Of this import value in Africa, Zimbabwe exported agricultural, horticultural or forestry machinery for soil preparation/cultivation worth US$1, 1 million, according to Trade Map.

The exports were concentrated in Zambia, Botswana, South Africa, Namibia, and Malawi.

Zambia, which ranked tops amongst these five countries, imported ploughs for use in agriculture, horticulture, or forestry worth US$321 000 in 2020.

Although these figures may seem low, they are indicative of the potential for Zimbabwe to supply required products and exports will grow if local production of the inputs and implements grows.

Opportunities in the region

Market surveys conducted by ZimTrade, the national trade development and promotion organisation, in the past few years have revealed export opportunities for agricultural inputs and implements in countries such as Tanzania, Malawi, Botswana, Mozambique, DRC, and Angola.

The Tanzanian agriculture sector is going through a commercialisation process and this presents opportunities to supply a wide range of inputs and implements.

Currently, farming is conducted mostly by smallholder farmers and the growth in agriculture has been through consolidation of their output.

Seeds such as maize are not being produced by large commercial enterprises and the country is importing most of its requirements.

In Rwanda, the agriculture sector is being prioritised as one of the key drivers of economic growth.

Smallholder farming forms the baseline of agriculture and is receiving support through government and private players.

Farming skills are limited, and knowledge-sharing and skills development is required to improve their farming techniques.

Inputs such as fertilisers, as well as maize and soya to supplement local production, are being imported from Tanzania or DRC.

This offers numerous opportunities for Zimbabwean producers who can offer competitive prices and supply quality products.

With regards to the DRC, farming has been largely subsistence, as such most of it is not mechanised.

Most of the agricultural output originates from the rural smallholder farmers.

This has created a need for appropriate technology in the agriculture value chain.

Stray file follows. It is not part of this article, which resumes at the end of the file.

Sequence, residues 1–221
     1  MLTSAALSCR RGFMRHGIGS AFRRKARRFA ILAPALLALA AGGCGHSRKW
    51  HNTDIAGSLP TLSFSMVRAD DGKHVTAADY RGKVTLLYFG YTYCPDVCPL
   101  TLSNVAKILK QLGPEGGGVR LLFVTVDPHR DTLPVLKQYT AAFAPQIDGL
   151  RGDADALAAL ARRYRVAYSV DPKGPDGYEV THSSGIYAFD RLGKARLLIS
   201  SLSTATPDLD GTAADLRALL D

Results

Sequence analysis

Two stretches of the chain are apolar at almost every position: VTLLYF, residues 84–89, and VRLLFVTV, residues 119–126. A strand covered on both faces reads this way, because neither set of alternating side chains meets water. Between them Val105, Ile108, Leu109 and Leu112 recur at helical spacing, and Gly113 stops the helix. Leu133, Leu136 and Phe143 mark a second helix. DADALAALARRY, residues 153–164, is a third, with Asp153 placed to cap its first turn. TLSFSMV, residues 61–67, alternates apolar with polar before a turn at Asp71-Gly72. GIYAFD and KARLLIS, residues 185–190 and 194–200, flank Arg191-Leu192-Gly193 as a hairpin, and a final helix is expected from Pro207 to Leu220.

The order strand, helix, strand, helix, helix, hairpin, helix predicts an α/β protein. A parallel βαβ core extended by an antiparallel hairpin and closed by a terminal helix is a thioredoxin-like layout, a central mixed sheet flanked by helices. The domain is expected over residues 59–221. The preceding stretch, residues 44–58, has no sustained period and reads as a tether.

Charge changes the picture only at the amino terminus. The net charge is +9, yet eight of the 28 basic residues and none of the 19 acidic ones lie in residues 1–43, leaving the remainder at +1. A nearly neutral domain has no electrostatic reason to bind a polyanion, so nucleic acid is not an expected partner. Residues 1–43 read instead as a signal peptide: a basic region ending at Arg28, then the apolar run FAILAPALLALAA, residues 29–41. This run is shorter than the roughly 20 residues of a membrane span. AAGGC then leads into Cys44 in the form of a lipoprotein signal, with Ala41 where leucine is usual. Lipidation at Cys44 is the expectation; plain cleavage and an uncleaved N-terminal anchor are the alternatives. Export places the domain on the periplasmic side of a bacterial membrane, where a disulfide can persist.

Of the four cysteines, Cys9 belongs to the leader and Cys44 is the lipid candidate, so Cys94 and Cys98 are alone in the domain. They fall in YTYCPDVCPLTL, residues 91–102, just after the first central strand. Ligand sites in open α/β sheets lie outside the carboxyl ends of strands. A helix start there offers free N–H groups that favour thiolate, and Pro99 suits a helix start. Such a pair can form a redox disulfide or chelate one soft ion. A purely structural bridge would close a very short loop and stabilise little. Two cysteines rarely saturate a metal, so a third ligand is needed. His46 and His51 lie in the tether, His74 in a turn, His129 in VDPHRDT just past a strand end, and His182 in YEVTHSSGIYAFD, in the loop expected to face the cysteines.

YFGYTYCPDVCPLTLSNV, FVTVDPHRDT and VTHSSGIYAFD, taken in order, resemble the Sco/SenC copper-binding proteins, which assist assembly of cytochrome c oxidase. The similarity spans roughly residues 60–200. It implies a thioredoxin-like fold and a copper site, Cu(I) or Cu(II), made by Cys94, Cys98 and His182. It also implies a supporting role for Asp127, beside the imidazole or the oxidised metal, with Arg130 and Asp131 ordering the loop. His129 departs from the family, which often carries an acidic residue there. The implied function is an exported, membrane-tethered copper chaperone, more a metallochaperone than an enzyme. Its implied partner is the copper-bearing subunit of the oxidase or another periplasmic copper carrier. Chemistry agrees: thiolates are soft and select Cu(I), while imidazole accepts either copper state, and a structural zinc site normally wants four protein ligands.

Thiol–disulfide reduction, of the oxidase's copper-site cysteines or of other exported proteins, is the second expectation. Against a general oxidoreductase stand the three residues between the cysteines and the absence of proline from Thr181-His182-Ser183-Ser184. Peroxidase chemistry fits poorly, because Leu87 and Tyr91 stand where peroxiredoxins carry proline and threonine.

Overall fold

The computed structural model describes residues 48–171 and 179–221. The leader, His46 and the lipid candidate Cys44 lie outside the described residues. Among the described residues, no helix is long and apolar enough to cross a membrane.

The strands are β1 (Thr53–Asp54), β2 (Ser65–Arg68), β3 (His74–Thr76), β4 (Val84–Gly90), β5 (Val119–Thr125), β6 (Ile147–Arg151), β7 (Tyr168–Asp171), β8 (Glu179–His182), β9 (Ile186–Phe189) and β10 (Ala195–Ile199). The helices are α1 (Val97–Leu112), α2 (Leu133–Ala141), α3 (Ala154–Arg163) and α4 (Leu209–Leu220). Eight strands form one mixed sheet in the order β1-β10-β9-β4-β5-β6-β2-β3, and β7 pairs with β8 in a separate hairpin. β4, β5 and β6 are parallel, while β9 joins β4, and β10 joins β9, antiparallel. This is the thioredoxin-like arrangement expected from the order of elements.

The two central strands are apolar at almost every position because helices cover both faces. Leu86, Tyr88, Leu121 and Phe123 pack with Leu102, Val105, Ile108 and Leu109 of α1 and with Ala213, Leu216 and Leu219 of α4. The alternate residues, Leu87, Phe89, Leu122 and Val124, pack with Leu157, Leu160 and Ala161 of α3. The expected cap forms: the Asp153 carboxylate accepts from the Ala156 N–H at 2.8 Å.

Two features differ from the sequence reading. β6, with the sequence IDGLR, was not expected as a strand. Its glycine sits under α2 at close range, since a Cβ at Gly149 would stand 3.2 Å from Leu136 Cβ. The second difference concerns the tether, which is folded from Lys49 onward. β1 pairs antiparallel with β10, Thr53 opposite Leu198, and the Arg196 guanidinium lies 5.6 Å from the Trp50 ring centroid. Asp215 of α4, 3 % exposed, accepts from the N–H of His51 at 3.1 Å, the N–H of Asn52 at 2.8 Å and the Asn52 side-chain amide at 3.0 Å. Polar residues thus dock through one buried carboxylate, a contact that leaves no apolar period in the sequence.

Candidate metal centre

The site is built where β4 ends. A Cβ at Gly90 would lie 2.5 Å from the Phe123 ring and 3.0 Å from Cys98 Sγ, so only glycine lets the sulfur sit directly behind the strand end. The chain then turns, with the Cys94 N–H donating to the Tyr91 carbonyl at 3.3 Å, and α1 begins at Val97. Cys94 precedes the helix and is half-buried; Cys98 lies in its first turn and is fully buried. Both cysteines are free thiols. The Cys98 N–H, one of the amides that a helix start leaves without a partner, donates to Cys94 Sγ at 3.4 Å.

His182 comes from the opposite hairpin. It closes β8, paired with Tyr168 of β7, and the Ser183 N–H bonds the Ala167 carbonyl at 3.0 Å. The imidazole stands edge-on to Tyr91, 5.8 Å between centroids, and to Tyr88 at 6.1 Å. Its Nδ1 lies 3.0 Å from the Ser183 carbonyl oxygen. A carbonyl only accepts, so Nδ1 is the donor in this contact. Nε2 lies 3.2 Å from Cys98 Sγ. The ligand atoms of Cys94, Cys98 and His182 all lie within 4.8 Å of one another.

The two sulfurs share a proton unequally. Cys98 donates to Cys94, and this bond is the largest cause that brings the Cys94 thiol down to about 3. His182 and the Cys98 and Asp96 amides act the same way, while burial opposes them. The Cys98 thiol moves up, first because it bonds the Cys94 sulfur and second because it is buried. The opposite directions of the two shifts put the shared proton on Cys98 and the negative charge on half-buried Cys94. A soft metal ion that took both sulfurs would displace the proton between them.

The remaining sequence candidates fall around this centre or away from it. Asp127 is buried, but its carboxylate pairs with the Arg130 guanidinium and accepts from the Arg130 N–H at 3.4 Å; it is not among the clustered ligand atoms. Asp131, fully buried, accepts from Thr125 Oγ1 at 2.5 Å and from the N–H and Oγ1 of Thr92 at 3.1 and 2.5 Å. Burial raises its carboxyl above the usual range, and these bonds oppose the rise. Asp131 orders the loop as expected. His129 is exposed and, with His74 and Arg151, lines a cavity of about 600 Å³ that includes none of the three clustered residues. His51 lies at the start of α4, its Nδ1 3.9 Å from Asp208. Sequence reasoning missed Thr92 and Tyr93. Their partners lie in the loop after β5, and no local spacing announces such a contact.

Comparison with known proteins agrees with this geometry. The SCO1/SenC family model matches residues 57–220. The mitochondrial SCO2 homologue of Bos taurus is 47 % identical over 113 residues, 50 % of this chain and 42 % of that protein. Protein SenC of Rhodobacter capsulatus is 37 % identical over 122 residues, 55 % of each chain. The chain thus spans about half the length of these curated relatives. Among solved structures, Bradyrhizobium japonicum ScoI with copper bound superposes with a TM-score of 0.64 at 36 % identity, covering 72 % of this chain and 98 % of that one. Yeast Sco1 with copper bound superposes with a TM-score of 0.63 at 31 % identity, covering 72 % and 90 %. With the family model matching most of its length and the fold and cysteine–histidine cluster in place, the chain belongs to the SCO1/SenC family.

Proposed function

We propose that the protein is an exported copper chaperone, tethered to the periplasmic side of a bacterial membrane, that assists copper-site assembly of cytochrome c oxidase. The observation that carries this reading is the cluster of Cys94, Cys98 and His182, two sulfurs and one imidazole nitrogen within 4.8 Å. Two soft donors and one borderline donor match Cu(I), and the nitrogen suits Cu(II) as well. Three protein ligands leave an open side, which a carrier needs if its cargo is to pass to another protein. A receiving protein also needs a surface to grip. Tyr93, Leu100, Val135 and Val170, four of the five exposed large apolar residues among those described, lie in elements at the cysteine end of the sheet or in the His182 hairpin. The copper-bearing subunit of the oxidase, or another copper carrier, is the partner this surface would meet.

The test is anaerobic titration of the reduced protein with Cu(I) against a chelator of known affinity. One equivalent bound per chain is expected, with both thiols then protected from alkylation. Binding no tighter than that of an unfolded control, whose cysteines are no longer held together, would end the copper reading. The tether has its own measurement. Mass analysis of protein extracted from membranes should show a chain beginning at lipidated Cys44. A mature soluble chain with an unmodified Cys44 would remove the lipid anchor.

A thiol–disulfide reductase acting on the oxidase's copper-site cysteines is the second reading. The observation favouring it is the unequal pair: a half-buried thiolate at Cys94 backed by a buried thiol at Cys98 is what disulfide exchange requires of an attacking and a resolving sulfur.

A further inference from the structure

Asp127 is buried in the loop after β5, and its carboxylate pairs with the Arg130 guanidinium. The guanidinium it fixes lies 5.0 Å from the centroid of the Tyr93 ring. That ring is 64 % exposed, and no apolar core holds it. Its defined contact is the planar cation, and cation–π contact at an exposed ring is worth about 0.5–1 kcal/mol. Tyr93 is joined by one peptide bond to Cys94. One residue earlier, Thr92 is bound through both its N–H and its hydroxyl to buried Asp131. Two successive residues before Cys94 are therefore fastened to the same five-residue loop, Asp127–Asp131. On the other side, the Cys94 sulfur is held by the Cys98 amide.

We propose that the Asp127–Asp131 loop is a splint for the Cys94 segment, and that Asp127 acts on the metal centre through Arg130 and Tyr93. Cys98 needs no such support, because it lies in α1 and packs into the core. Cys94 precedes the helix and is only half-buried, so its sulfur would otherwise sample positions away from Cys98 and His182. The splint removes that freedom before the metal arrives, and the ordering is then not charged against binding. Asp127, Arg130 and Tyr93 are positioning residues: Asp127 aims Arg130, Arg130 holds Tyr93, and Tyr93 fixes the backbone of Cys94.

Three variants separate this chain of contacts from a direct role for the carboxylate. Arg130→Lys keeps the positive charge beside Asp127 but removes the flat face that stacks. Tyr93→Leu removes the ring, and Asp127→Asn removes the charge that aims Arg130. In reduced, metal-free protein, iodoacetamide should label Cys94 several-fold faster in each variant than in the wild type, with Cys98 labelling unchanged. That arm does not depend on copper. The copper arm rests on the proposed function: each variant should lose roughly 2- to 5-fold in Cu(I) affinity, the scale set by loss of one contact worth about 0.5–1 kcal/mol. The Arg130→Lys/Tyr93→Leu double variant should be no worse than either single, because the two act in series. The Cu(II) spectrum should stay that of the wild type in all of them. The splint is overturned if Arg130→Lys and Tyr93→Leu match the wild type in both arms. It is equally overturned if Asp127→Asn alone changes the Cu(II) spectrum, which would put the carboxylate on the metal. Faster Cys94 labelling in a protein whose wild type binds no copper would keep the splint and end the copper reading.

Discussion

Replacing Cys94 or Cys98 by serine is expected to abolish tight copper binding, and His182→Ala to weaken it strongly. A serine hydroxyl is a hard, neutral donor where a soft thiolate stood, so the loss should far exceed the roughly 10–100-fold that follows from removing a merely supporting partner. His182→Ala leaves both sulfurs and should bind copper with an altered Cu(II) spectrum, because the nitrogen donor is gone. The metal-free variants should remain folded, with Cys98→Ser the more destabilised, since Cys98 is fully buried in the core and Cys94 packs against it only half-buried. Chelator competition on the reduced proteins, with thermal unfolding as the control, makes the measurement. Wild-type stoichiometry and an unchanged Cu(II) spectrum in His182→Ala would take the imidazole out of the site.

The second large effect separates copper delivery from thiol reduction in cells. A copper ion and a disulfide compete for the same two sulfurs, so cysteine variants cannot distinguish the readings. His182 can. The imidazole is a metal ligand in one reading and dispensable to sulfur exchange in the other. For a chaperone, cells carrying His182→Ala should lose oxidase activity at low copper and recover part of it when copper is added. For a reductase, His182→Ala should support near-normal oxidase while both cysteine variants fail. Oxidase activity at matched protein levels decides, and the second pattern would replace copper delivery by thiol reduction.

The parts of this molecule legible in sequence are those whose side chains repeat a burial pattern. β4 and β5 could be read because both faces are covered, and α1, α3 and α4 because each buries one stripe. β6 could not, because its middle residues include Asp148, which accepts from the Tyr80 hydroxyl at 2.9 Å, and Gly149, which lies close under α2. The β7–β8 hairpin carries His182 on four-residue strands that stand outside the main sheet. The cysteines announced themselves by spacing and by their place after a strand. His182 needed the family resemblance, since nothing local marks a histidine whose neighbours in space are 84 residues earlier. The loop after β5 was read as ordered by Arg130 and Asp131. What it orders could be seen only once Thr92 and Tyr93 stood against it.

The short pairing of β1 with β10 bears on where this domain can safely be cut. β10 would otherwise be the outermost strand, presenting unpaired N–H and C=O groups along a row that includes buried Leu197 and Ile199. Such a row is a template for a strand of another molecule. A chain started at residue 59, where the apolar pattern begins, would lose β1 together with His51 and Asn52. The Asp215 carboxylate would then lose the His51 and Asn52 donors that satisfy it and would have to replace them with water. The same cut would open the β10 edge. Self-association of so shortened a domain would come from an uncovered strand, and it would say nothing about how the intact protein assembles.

Required products include hand-held farming equipment, tractors, cultivators, and planters.

Most smallholder farmers in the DRC do not have livestock such as cattle or donkeys to provide animal-drawn implements.

In Mozambique, farming is mainly communal and subsistence.

The farmers are faced with severe post-harvest losses, and most of them do not use fertilisers and other chemicals.

There is a lack of extension services and knowledge, and skills are still limited.

Distribution of inputs is fragmented as the retail structures are not well established compared to other sectors.

All these challenges offer opportunities for Zimbabwean businesses.

There is growing demand for various products ranging from crop chemicals, fertilisers, veterinary products, seeds, protective clothing and other agricultural inputs.

There is potential for Zimbabwean companies to embark on seed production and supply the market with other seed varieties.

Since the greater part of farmers in Mozambique are based in the rural areas, hand tools (hoes, ploughs, cultivators) as well as ox-drawn implements have great potential.

For Botswana, the Government has increased investment in the agriculture sector in a bid to improve food security and diversify the economy.

Efforts have gone towards commercialisation and modernisation of the sector and there are opportunities to supply animal health products, seeds, agriculture chemicals and implements that are customised to Botswana’s environment.

 Allan Majuru is the ZimTrade chief executive.